Social Justice and Racial Invisibility

I have a voice and I have determined to use it for good.  With it I speak my truth and affirm not only my humanity but those that are daily forgotten.  I am not alone in this, daily millions across the globe struggle in the cause of justice, unrewarded and unrecognized while daring to say or perform the truth.  One does not engage in social activism for the cookie, but for the belief that justice is a cause worth fighting for

Believing in the humanity of all makes me a complex woman.  There are times when I must battle my own privilege to see the oppression of others and there are times when I just STFU & L, because I am out of my depth but still wish to work as an ally.  As someone who actively seeks to learn something new each day I interact with a myriad of people.  One startling fact keeps coming to my attention, no matter what the social justice movement, fat acceptance, feminism, gay rights, little people, disability, gay rights, transgender  etc and etc black people are located squarely at the bottom of the hierarchy of power; furthermore black women specifically are almost voiceless.

We are voiceless though we are women, lesbians, fat, disabled, little people, transwomen etc and etc.  No matter what the social justice movement the recreation of the larger society is built over and over again.  We are told to eliminate race from the analysis and focus on the issue at hand.  White members of these groups can understand what it is to be marginalized by society but they simply cannot envision how complex life becomes when it intersects with race.

A black little person, or a black transwoman will have separate and unique issues that a white little person or transwoman will face.  Over sixty percent of the transwomen that have been killed have been of colour and when there is such a one sided statistic clearly race is an issue. Within the trans community it is the WOC that are stereotyped as prostitutes and treated as exotic others available for the sexual satisfaction of others.

Look at the leaders of these so-called justice movements and you will find one thing in common, they are overwhelmingly white.  It is as though they seek to regain power that the larger society has denied them due to difference by repressing those within their communities that are of colour.  White privilege must have an outlet to be reified.  In many cases these leaders have an even more familiar face, they are white and male.  MMM now where have I seen that leadership  pattern before?  Oh yes within the very society that they are trying to teach to accept difference.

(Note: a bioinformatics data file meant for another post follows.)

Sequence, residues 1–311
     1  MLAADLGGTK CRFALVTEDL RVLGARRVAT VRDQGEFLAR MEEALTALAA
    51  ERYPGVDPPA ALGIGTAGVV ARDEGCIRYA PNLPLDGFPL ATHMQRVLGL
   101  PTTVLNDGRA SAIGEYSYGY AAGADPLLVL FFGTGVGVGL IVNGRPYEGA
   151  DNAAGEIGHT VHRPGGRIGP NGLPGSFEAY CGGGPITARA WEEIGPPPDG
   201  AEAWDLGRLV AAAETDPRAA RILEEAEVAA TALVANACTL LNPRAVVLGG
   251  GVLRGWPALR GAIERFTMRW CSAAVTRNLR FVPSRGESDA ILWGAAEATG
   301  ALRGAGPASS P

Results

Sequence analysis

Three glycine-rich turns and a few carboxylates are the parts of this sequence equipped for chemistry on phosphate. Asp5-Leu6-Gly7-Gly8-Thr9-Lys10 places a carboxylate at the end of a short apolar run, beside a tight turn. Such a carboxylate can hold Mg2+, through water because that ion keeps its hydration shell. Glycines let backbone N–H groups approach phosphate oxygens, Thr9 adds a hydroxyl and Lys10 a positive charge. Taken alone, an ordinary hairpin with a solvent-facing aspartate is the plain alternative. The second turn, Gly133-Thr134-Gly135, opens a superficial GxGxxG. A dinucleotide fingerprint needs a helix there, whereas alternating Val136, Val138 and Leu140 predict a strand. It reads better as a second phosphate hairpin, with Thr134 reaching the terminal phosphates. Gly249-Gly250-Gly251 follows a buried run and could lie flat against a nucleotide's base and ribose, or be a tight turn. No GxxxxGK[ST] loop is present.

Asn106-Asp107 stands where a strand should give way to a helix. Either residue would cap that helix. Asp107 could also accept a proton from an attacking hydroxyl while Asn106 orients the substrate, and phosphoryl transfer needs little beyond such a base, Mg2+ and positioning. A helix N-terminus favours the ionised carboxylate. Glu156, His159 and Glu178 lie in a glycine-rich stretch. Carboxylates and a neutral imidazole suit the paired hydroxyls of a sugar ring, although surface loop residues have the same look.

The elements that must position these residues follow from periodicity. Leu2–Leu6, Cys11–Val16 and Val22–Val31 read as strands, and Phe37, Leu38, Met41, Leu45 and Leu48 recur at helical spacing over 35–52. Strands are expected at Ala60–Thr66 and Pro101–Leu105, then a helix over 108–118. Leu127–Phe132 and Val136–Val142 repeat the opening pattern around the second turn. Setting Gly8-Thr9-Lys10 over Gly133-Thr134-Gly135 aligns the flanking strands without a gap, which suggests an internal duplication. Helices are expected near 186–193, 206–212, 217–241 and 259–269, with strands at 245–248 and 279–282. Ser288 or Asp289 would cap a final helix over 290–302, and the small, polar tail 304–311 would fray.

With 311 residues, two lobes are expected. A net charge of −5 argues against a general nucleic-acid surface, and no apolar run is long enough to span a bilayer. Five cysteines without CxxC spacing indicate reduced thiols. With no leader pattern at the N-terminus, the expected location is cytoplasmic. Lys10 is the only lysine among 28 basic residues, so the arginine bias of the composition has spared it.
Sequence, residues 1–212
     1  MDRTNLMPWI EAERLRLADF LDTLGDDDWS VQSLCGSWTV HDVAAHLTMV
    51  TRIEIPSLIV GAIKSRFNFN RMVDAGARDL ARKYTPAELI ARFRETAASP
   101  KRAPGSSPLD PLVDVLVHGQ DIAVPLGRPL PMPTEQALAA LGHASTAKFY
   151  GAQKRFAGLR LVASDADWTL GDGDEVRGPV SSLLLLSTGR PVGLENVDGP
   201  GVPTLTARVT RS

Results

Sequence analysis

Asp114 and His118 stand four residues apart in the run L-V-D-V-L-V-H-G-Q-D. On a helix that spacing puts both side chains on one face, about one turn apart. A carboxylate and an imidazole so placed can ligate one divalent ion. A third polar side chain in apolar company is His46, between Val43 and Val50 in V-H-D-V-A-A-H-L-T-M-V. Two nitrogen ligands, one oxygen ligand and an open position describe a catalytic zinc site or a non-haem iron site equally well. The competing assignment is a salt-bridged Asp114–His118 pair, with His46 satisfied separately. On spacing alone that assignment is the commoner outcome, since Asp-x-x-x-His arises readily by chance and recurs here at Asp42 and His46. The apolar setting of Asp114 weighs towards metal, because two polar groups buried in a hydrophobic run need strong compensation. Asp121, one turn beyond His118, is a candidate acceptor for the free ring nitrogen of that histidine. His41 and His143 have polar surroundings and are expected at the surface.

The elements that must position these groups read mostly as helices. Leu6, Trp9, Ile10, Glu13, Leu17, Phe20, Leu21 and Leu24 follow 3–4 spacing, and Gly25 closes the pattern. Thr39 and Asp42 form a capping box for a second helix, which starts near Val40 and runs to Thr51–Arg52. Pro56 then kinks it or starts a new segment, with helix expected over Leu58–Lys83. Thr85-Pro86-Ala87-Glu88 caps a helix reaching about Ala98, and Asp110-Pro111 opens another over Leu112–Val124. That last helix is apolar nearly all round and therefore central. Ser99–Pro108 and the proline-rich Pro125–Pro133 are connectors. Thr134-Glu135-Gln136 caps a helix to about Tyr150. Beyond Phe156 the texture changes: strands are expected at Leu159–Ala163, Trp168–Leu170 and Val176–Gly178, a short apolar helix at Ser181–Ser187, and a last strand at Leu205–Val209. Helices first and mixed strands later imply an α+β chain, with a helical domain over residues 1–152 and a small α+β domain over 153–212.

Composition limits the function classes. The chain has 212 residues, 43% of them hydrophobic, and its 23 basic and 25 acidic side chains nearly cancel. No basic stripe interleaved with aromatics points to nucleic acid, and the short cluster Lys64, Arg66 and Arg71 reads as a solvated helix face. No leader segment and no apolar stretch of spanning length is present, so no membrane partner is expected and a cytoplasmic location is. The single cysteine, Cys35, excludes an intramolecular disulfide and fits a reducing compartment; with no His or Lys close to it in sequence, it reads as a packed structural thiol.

No movement can be a true movement for justice until it considers the reality of the lived experience of all of its members.  To break down social construction what is needed is a concerted effort to employ intersectionality.  This does not dilute a movement, rather it makes it possible to widen the circle of allies.   It is not a competition to declare a winner in the “most oppressed” category, and who really wants that award? 

I am tired of asking where are the black people?  Where are the people that look like me and understand my experience.  Where are the people that can effectively relate to me their experiences in a language that is culturally familiar?  To the different leaderships we are only useful when we are filing, making coffee, doing menial work, or our vote is needed (think prop 8). 

We are continually reminded that white leadership will make the issue seem more sympathetic.  More sympathetic to whom I ask, and white people is the answer. It is our blood that is overwhelmingly being spilt, and it is our bodies that are overwhelmingly being beaten.  The movement for justice begins and ends with our liberation.

I am tired of asking where the hell where they, these movements that claim to work in the cause of justice.  Where were they when Brandon McClelland was killed?  Why were the faces in the crowd mostly black?  Where were they on the fight to put an end to Shirley Q Liquor?  Why was that just a case of comedy when it was offensive to every single black woman cisgendered  or transgendered that ever walked the planet?  Where were they when Tarika Wilson was shot to death, wasn’t she a woman too?  When we can be used like Anita Hill to prove something, suddenly our womanhood is remembered. How many times do we have to ask this question? How many times do we need to beg for inclusion in a movement that supposedly represents us?

We need not be led around like farm animals that are paraded out for a vote and the  shoved back into a barn to await our next unhappy outing.  Find your voice and demand that these movements stand by the principles they claim to advocate. If whiteness can look out for whiteness, people of colour can advocate to for an end to injustice that creates us all as second class citizens.  When we go missing it doesn’t show up on CNN, but let a white woman going missing, or have violence done against her and the media cannot stop saying her name. Every person of colour man, woman, child  means something.  Every single one of us matters. 

To stand by the racist assumption that one form of marginalization out weighs the racism that people of colour face is aiding and abetting whiteness in its attempt to maintain a racial hegemony on power.  If women can fight to take back the night we can fight to back our lives.  We can fight to decide what will be a priority.  If we must fund our own projects then so be it.  Enough with allowing whiteness to set the agenda as they have made it more than clear, their suffering is what matters most in this world.  If you are going to bleed make it count for something.

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